The two models are extremely similar, in both design and configuration options, with some accommodations for needs of the x360, such as hinge design and display technologies.
They adopt some of the slicker aspects of the Spectre and EliteBook lines, such as the milled aluminum bodies, while remaining more durable. I expect to see a lot more of these unworkstationlike mobile workstation designs this year.
Although it looks quite thick folded into tablet mode, the hinge is what produces that effect. The ZBook x360 is really only about 0.1 inch (2mm) thicker than the consumer Spectre x360. As you'd expect, a Xeon plus Quadro requires more space for cooling airflow.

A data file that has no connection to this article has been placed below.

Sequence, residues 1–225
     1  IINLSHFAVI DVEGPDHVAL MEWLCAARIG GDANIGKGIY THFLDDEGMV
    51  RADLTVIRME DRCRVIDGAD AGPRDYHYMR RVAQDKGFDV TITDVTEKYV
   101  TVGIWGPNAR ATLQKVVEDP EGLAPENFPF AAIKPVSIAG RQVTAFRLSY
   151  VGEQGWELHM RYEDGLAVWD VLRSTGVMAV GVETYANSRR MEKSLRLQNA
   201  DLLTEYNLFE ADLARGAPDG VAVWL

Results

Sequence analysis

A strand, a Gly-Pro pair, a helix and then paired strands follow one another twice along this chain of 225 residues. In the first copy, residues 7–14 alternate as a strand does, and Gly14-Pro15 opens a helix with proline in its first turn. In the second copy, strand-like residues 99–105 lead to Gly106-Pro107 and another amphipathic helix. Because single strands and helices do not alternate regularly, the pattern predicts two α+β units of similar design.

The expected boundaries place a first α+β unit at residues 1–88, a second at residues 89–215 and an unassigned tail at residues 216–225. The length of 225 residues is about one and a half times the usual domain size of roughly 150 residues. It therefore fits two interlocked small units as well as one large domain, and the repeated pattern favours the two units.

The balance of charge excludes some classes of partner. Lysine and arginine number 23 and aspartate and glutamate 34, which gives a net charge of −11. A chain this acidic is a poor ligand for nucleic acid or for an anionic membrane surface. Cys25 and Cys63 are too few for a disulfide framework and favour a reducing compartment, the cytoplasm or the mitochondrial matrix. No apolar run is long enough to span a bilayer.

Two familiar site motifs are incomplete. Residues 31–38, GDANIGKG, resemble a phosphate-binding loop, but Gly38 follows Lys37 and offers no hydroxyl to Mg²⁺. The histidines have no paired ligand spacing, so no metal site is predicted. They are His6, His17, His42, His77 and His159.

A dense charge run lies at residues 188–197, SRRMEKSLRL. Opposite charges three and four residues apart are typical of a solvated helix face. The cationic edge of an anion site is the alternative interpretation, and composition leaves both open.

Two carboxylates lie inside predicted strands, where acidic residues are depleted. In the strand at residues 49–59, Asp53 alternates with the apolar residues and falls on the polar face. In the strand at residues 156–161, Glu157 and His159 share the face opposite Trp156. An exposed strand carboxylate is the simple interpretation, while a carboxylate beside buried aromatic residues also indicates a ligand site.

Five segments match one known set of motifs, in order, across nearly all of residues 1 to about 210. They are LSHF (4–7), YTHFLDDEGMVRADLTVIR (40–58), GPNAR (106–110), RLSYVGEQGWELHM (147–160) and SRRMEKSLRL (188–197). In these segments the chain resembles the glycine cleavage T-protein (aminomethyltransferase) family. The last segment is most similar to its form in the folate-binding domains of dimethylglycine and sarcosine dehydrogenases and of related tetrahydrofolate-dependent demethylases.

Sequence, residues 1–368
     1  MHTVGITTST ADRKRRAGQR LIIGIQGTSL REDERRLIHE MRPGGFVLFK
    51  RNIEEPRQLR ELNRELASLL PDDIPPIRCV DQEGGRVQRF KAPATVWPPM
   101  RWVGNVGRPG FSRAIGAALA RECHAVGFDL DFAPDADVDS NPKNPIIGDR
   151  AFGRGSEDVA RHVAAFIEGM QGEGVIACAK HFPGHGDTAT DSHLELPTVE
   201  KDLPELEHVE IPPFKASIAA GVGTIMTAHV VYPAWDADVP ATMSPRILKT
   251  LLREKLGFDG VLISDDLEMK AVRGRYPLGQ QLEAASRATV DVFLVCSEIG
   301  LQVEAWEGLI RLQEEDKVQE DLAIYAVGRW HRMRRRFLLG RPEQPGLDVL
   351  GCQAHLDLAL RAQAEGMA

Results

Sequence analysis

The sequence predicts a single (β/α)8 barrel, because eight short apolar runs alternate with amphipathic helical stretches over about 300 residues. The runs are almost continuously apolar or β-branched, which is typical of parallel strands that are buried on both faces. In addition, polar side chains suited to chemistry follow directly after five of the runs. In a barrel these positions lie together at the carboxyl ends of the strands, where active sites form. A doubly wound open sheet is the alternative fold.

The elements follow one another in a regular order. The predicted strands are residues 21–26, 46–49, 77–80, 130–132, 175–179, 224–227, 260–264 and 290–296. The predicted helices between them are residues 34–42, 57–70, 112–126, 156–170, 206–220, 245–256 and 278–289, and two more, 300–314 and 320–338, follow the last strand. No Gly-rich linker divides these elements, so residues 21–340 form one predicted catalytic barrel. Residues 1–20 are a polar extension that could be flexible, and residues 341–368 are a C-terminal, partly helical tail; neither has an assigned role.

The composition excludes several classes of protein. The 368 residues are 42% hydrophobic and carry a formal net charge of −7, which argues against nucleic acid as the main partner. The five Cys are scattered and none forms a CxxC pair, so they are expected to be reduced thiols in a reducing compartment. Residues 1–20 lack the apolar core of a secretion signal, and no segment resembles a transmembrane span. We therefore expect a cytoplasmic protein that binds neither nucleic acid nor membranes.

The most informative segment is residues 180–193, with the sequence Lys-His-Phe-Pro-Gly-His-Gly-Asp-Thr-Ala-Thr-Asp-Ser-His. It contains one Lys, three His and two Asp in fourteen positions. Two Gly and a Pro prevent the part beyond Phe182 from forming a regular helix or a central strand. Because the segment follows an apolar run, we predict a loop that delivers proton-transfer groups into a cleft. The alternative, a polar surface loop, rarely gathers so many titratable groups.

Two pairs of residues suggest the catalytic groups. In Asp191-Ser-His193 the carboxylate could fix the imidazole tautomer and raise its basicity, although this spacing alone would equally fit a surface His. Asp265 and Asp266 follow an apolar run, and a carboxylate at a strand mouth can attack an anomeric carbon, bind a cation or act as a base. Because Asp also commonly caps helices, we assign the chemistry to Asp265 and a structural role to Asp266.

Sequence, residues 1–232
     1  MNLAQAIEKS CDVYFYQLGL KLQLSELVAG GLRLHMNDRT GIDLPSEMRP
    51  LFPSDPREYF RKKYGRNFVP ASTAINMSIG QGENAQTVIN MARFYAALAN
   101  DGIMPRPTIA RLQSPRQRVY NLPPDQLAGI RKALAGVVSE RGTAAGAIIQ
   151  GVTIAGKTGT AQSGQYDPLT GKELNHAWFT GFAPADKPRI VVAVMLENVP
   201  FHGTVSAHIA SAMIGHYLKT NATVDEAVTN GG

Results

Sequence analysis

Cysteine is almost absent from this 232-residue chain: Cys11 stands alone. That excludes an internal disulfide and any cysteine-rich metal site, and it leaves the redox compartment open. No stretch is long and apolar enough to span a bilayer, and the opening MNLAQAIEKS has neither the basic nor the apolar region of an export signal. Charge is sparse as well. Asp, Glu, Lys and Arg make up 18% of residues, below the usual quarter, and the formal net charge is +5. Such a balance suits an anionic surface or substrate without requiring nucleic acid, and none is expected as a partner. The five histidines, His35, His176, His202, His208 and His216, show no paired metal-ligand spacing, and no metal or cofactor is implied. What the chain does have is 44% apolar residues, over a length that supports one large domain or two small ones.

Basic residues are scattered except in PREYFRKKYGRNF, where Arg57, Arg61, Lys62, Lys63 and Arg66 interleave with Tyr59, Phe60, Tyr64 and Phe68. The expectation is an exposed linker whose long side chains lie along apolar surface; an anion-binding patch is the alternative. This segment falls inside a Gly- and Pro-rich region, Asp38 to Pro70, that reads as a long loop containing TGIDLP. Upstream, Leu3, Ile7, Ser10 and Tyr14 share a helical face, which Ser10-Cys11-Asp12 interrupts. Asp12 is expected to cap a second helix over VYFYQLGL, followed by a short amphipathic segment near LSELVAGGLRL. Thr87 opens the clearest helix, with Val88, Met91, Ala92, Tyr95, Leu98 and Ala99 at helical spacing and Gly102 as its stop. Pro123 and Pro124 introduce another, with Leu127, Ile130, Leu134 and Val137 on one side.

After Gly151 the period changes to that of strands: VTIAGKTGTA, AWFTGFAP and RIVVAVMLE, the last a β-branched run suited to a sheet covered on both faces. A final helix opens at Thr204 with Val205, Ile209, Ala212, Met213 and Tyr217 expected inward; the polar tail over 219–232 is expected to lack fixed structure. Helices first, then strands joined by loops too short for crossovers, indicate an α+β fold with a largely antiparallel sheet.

HP is in love with chamfered edges this year. It's not my taste, but it achieves the industrial look HP probably hopes people will equate with workstation power. The x360 looks identical to the ZBook Studio G5 in clamshell mode from this angle. Unlike the more meat-and-potatoes models, the Studio keyboards don't have extra buttons on the touchpad or a joystick embedded in the keyboard.
HP changed the look of the speaker grille. Also, the G5 ZBook keyboards now include dedicated keys for conference call controls -- connect and disconnect -- plus a button for jumping into presentation mode.
The Studio models have an option for a 600-nit, Adobe RGB DreamColor 4K display. Also, note the thinner bezels. That's a consumer trend that's finally starting to make its way into mobile workstations.